Wilhelm Busch, German pastor and anti-Nazi (b. 1897)

Cheng Bugao, Chinese film director (b. 1898)

Robert Hense, German footballer (b. 1885)

John Hubbard, 3rd Baron Addington, British aristocrat (b. 1883)

Paul Kuhn, German-born American opera singer (b. 1874)

Louis-Joseph Lebret, French priest and ethicist (b. 1897)

Georges Lemaître, Belgian priest and astrophysicist (b. 1894)

June 21

Reginald Calvert, British pirate radio station operator (b. 1928)

Ferdinando Innocenti, Italian businessman (b. 1891)

June 22

Roger Blunt, English-born New Zealand cricketer (b. 1900)

E. Yale Dawson, American botanist (b. 1918)

Warren S. Eaton, American aviation pioneer (b. 1891)

Victor Koumorico, Congolese politician, President of the Senate

June 23

Paul Cain, American author (b. 1902)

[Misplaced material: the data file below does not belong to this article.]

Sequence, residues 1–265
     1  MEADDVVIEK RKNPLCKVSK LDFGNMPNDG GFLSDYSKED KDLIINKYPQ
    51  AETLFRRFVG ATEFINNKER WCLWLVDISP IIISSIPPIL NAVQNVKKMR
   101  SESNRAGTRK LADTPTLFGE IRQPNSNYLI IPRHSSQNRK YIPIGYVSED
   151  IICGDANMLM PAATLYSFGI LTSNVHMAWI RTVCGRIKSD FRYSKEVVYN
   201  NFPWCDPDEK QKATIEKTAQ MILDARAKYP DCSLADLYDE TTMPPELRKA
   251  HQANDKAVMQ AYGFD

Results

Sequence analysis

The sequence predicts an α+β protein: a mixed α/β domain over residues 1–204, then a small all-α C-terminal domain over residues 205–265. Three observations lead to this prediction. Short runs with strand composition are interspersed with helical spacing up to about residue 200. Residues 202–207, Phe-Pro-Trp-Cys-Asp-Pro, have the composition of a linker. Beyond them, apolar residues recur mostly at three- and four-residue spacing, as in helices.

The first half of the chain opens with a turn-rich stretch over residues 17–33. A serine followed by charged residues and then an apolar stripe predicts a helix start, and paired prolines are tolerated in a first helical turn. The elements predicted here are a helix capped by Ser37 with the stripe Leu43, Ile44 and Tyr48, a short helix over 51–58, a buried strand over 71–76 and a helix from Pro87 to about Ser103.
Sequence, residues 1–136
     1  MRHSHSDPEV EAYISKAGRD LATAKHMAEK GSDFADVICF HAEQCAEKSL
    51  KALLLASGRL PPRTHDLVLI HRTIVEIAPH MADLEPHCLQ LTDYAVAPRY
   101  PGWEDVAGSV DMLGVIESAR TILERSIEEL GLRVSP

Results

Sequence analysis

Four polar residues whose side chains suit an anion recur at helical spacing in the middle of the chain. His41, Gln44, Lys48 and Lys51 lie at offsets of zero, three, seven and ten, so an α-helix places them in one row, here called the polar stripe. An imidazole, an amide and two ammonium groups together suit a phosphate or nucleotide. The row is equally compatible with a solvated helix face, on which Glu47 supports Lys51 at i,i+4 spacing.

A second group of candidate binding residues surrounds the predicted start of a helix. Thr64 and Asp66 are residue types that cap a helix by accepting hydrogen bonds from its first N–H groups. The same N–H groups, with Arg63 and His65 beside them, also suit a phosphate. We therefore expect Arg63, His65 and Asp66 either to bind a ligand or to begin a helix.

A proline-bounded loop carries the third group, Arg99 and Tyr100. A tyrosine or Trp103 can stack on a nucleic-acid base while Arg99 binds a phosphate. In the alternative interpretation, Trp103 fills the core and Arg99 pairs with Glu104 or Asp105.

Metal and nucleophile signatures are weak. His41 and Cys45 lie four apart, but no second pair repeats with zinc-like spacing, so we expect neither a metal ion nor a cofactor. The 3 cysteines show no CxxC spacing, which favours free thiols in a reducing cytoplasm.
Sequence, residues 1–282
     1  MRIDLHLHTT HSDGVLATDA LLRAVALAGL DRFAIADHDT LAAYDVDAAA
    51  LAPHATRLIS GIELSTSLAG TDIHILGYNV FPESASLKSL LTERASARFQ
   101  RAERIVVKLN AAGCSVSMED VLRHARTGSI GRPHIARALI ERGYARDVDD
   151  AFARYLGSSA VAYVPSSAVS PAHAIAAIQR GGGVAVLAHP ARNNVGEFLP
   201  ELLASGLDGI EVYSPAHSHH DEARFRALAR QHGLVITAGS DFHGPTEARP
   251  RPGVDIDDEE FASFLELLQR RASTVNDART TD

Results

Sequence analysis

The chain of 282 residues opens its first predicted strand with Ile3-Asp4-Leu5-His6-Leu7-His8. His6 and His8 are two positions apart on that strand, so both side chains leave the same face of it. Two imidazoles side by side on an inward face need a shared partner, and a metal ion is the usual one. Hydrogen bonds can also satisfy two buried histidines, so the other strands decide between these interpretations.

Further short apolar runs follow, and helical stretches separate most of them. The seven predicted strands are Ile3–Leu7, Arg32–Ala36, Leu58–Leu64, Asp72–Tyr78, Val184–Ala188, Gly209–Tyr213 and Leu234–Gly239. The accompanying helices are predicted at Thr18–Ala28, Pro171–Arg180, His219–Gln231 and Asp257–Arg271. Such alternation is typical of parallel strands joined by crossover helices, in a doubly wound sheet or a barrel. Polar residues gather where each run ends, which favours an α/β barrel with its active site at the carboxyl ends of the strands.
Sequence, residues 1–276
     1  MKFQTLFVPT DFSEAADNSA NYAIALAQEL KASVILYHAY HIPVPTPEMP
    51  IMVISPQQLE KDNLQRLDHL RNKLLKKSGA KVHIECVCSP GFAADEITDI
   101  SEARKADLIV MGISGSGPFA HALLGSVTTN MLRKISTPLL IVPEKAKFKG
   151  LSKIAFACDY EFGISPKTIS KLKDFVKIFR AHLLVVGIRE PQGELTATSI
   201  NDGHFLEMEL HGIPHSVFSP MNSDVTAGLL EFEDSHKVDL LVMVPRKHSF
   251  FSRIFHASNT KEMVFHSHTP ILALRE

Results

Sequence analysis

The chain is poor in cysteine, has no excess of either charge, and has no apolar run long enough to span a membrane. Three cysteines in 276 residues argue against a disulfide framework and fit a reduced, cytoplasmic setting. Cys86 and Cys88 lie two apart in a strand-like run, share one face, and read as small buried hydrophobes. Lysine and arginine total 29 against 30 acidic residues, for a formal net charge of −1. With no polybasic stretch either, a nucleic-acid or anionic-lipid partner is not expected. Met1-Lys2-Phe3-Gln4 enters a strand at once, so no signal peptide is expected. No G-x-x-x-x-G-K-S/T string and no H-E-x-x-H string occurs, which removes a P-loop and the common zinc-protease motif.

Ted Corday, Canadian-born American television executive (b. 1908)

Louis C. Cramton, American politician, United States Representative from Michigan (b. 1875)

Frank L. Hagaman, American politician, Governor of Kansas (b. 1894)

Weli Hohenthal, Russian modern pentathlete, competed at the 1912 Summer Olympics (b. 1880)

Clara Jacobo, Italian opera singer (b. c. 1898)

June 24

Edward Allworth, American officer in the United States Army during World War I (Medal of Honor) (b. 1895)

Eric Crankshaw, English cricketer and later Secretary, Government Hospitality Fund (b. 1885)

Mick Dunn, Australian rules footballer (b. 1898)

Otto-Wilhelm Förster, German general during World War II (b. 1885)

J.K. Kennedy, American basketball coach (b. 1907)

Mathilde Ludendorff, German psychiatrist and conspiracy theorist (b. 1877)

June 25

Ughetto Bertucci, Italian actor (b. 1907)

F. Henri Klickmann, American composer (b. 1885)

Hans Ferdinand Geisler, German Luftwaffe general during World War II (b. 1891)